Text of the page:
MicroProse Software, Inc.


MicroProse Software, Inc. was founded by Sid Meier and Bill Stealey in 1982, after the two had met working at General Instrument, a large electronic component manufacturer. They shared a passion for games, and Meier would design the games while Stealey would take care of marketing and administrative duties.

In the initial years, the company focused on combat flight simulators and military strategy games. 1990 marked an important turning point with the release of Sid Meier's Railroad Tycoon, the first non-destructive god game for the company. This contrasted with the military-oriented view of the other founder, Bill Stealey, who wanted to enter the market of home game consoles and arcade video games, which Sid Meier did not like. In the meantime, Stealey had bought out Meier and Sid Meier had become a private contractor, working exclusively for the company. He received money up front, more when the game delivered and royalties on each sold copy. MicroProse continued to back Sid Meier's games, yet they wanted him to work on other types of games as well, delaying the release of Sid Meier's Civilization, which Sid was working on most of the time. When the game was finally released, favorable reviews and some great marketing by Fred Schmidt, VP Marketing, gave the game a major boost, surprising management and the creators themselves.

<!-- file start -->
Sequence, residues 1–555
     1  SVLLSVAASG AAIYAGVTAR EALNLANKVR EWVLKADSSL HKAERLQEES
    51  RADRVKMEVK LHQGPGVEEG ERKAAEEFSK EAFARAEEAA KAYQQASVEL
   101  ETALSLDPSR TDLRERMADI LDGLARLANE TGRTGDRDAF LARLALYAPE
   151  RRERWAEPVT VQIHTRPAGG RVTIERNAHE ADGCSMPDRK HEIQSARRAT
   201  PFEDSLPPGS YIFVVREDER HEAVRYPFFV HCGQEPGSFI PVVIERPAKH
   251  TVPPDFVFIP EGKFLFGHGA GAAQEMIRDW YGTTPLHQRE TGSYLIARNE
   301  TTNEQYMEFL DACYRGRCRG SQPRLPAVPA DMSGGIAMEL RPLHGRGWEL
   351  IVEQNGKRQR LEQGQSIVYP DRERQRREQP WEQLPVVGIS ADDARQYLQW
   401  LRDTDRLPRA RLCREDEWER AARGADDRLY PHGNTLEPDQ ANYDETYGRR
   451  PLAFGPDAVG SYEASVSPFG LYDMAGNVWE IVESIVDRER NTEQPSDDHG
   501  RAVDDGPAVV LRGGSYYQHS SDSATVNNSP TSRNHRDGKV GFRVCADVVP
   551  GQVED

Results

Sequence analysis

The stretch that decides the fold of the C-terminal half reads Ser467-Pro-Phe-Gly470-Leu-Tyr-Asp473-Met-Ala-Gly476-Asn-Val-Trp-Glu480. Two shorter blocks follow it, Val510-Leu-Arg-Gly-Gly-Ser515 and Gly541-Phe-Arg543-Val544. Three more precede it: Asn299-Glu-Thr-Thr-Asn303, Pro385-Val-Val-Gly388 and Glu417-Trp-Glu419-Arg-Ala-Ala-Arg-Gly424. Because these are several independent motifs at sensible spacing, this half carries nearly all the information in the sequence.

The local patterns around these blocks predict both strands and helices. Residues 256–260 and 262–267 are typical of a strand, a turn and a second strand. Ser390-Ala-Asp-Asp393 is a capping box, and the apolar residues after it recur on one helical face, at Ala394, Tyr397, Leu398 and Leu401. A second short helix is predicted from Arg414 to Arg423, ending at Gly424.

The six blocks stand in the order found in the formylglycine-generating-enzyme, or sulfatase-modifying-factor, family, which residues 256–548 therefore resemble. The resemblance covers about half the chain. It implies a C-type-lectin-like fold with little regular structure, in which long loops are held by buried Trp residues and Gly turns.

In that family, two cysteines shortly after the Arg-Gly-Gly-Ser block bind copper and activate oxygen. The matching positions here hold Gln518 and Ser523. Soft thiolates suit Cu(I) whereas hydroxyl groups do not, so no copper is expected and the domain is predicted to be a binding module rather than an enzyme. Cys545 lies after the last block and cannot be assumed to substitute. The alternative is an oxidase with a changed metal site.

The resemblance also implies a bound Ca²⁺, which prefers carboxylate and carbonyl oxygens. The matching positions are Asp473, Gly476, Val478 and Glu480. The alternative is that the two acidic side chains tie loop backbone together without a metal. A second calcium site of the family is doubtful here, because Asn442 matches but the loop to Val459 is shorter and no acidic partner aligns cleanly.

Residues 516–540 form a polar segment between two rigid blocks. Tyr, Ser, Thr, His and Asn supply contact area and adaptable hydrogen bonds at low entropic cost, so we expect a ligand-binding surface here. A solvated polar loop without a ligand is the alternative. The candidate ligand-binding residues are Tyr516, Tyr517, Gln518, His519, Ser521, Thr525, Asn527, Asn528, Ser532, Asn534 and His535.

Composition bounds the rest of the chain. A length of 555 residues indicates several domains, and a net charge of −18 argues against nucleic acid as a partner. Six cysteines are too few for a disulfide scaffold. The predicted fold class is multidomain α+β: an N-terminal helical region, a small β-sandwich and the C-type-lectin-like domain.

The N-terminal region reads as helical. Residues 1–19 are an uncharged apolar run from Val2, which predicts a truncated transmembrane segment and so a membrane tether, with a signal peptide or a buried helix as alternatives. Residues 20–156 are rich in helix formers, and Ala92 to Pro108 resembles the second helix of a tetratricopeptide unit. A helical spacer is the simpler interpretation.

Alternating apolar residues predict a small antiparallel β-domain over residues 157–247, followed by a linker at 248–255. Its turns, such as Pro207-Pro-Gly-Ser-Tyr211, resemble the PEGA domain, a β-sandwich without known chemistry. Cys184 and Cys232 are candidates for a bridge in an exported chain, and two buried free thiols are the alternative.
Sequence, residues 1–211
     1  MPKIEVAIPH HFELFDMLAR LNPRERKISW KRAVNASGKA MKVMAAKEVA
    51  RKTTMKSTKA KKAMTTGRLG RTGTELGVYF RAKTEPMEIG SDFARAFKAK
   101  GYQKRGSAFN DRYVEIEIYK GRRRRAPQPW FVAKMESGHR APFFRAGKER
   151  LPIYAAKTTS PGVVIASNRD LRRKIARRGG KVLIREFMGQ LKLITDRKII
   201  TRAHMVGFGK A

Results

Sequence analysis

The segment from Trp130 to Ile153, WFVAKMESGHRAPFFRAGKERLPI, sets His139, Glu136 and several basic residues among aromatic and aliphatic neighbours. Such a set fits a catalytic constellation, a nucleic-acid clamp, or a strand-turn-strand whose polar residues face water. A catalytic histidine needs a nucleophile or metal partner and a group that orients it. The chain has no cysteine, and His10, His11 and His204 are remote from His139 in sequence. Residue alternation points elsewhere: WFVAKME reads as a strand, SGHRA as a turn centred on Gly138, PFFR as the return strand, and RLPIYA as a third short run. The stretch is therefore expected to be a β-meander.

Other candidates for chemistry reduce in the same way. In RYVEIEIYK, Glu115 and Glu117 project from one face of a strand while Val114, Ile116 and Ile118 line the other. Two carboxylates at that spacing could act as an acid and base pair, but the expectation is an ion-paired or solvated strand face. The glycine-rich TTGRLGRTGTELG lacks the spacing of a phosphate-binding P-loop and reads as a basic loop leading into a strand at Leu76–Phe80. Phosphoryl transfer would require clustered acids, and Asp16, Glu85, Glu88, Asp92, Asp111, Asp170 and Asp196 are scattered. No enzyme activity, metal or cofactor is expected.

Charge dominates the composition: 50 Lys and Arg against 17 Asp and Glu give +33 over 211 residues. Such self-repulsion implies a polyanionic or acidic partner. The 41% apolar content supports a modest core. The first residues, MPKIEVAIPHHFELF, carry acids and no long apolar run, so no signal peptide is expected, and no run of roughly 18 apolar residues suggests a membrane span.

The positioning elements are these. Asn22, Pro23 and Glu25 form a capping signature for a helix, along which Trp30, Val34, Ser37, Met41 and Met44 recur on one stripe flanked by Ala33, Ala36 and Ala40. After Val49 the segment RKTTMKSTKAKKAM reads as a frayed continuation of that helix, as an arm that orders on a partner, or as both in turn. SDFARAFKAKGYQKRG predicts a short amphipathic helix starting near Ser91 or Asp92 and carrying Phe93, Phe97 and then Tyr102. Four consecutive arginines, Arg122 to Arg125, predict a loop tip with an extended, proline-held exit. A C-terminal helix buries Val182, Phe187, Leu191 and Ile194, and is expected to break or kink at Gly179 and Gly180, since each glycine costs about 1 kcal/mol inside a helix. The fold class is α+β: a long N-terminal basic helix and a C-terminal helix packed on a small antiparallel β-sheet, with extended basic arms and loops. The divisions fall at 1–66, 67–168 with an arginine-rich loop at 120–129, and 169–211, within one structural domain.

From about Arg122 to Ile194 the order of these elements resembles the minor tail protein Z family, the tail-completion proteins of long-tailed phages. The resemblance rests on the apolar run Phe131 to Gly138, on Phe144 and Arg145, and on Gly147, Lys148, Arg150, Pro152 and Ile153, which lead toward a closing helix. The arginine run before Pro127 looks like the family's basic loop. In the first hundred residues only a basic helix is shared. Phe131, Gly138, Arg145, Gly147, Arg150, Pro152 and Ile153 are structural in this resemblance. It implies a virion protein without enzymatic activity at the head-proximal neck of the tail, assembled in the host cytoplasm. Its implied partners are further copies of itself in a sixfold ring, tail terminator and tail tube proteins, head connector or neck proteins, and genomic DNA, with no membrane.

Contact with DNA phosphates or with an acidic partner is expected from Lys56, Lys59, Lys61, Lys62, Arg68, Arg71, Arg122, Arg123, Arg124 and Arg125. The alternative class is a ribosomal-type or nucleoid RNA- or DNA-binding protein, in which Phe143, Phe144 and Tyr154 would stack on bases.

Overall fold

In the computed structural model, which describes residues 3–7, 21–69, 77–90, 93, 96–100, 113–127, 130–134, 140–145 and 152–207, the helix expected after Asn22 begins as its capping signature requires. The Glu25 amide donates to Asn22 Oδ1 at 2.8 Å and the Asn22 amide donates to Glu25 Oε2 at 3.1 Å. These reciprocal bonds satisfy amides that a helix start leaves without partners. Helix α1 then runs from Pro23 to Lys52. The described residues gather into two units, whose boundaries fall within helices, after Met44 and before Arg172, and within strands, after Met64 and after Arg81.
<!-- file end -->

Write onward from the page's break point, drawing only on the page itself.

In the meantime, the firm was sinking into a hole of debt. They released 2 arcade games in the 1990s which did not fare well, leading to an IPO for cash. In 1993, Stealey approached Gilman Louie, head of Spectrum Holobyte, Inc., and asked him to buy MicroProse rather than letting it fall into unknown hands. After the acquisition, eventually Bill Stealey left and founded Interactive Magic, Sid Meier joined Firaxis Games. The company operated well for while under new management, but the new products were delayed. At the end of 1998 the company was acquired by Hasbro Interactive. The company name ceased to exist as a label when Hasbro was acquired by Infogrames in 2001.

The company used the publishing label Microplay Software for externally-developed games.

Contributed by Brian Hirt (10087) on Mar 01, 1999. [revised by : LepricahnsGold (128174), Sciere (505963) and WildBill (19)].